Both you and your Eucharistic Ministers may, for now, continue visiting and taking Holy Communion to the Sick. If you or the Minsters are over 70, or have underlying conditions, please have someone else go. Those visiting must observe strictly all the Government’s hygiene precautions, especially about washing hands before and after giving Holy Communion, keeping one’s distance from each other and keeping the visit and the rites brief. If those being visited are over 70, or have underlying conditions, ask them by phone first if they wish to be visited. If they have tested positive for the virus, Government instructions limit visits to them severely, except for delivery of food, and keeping in touch by phone or other media.
Penance & Reconciliation
I see no difficulty in continuing the practice of the Sacrament of Penance & Reconciliation, providing you take into account all the Government’s hygiene precautions. This means there must be a significant distance or a barrier between the penitent and priest; that in turn suggests the use of physical barriers such as a confessional box, or a private room where priest and penitent may remain at a proper distance from each other.
The Anointing of the Sick & Viaticum
This is problematic for obvious reasons. We are urged by the Holy Father to be courageous, but we too could carry the virus, so precautions are necessary. Touching head and hands is not permitted at this time. So, as with for example a bad accident, anointing should be done elsewhere on the body, e.g. just the back of the hands, using a piece of cotton wool, to be used once and then disposed of properly. You may also be required to put on a disposable gown, mask, and gloves. Please respect and comply with the hygiene rules put in place by the medical professionals.
Baptisms, Marriages* & Funerals
For now, all of these may be celebrated, but privately, that is with only immediate family members in attendance. As with other celebrations, the rites should be dignified, brief, and in keeping with prevailing Government hygiene precautions. If you have questions about a particular case, please get advice from your Dean, or me.
*Specifically, regarding Weddings: Some of you will be preparing couples for marriage who will require dispensations and permissions from the Chancery. In some cases, papers will have to be sent to other dioceses or abroad. Papers for weddings that are due over the next three months should be sent to the Chancery now. It may be the case that the Chancery will be closed over the coming weeks and so it is important to process as many papers as possible. At the moment, do not send papers to the Chancery for weddings that are more than three months away so that we can prioritise weddings that are happening sooner.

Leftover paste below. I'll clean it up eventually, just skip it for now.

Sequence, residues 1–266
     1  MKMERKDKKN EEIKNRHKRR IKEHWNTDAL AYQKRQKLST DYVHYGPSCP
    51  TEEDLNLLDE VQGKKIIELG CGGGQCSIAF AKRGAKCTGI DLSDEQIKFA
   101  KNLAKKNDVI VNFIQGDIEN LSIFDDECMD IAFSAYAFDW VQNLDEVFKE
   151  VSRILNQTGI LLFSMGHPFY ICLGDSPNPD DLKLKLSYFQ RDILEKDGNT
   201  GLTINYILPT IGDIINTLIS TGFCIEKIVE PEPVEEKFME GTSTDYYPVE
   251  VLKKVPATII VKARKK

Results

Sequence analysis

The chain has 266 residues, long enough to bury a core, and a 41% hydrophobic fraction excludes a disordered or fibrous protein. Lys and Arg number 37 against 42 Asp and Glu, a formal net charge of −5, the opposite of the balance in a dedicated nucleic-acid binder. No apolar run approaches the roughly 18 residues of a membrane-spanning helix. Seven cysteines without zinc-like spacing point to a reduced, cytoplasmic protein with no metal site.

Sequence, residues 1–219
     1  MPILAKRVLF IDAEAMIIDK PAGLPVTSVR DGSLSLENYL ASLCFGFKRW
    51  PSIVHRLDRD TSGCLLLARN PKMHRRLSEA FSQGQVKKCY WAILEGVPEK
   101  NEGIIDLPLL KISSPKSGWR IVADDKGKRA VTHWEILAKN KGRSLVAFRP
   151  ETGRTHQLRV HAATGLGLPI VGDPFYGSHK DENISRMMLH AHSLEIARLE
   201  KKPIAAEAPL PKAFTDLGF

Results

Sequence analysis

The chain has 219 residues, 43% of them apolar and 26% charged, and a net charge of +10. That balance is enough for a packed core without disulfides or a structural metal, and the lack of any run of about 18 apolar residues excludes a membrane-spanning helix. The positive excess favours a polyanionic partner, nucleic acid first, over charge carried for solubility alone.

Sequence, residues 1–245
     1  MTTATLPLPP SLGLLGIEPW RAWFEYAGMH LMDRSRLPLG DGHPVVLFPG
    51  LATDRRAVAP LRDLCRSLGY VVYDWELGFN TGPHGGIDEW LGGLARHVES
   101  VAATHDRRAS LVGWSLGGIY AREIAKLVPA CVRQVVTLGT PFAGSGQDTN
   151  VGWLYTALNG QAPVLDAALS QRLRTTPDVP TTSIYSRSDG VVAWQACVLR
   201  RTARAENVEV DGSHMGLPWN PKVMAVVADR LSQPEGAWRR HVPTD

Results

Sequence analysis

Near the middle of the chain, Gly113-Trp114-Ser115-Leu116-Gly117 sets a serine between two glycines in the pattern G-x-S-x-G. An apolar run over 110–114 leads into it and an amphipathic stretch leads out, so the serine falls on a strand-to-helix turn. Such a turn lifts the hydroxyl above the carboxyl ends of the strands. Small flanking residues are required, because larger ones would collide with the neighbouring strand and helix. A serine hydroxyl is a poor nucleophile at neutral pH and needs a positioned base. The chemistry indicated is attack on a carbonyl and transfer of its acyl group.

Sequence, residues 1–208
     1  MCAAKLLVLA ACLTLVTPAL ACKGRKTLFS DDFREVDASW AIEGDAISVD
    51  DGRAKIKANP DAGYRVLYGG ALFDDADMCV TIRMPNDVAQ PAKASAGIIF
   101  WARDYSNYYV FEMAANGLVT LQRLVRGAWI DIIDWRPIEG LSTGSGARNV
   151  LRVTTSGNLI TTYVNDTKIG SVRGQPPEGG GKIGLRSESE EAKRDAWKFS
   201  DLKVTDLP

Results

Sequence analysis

As you will know, different dioceses around the world are taking varied approaches to protecting the health of the public and it is worth encouraging couples who are being married in other places to check if their wedding is still able to go ahead as planned.
Churches to remain open
As of 18 March, our churches are allowed by the Government to remain open. I ask you, therefore, to arrange for your churches to be kept open to let individuals come to pray. Consider exposition of the Blessed Sacrament for a time each day. If numbers come at the same time, the Government’s precautions about hygiene, distance from each other, and numbers in buildings are to be observed. Please take extra care to make sure your churches are clean, especially surfaces touched by hand. Please put signs, gel, tissues and bins in clear view.
The Gillis Centre in Edinburgh has suspended all events there until the end of May. The Centre is not open to the clergy, the public or volunteers. Staff are however still available and happy to help with any queries. Contact should be made in the first instance by telephone on 0131 623 8900 or by email. Please also keep in touch with your Dean should you have any questions about coronavirus issues affecting your parish.
Deaneries consultation 20 March 2020
I had asked the deans to carry out a consultation with you on pastoral matters such as Holy Week, but events appear to have overtaken us. Nonetheless, I would still value any comments or suggestions you have on the remaining items on the list found in my 14 March email to you.
St Joseph’s Day cancelled at Sighthill
In the circumstances, the Augustinians have had to cancel their farewell Mass at St Joseph’s tomorrow. We nonetheless wish them well and look forward to another opportunity to say goodbye to them properly in the future.
SCIAF Sunday 22 March 2020
Unhappily, our annual missionary appeal on behalf of SCIAF will be seriously affected by these events. You may still encourage your people to help with SCIAF’s appeal this Sunday, including by making donations online. Here is Bishop Toal’s message in the circumstances:
Day of Prayer, 22 March 2020
Please join all the Churches in the UK in the Day of Prayer, scheduled for this Sunday. As we do every Lent, and more fervently today, we pray that the Lord may spare His people.
I would also ask you to encourage everyone to pray the Memorare once a day to our Lady, Health of the Sick. She will surely hear us in our time of need.